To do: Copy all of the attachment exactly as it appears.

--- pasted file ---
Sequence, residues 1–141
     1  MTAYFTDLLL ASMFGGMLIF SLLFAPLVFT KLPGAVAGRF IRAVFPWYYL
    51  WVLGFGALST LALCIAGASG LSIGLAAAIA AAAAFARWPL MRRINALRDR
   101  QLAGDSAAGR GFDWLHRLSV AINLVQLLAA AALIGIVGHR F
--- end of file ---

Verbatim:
Sequence, residues 1–141
     1  MTAYFTDLLL ASMFGGMLIF SLLFAPLVFT KLPGAVAGRF IRAVFPWYYL
    51  WVLGFGALST LALCIAGASG LSIGLAAAIA AAAAFARWPL MRRINALRDR
   101  QLAGDSAAGR GFDWLHRLSV AINLVQLLAA AALIGIVGHR F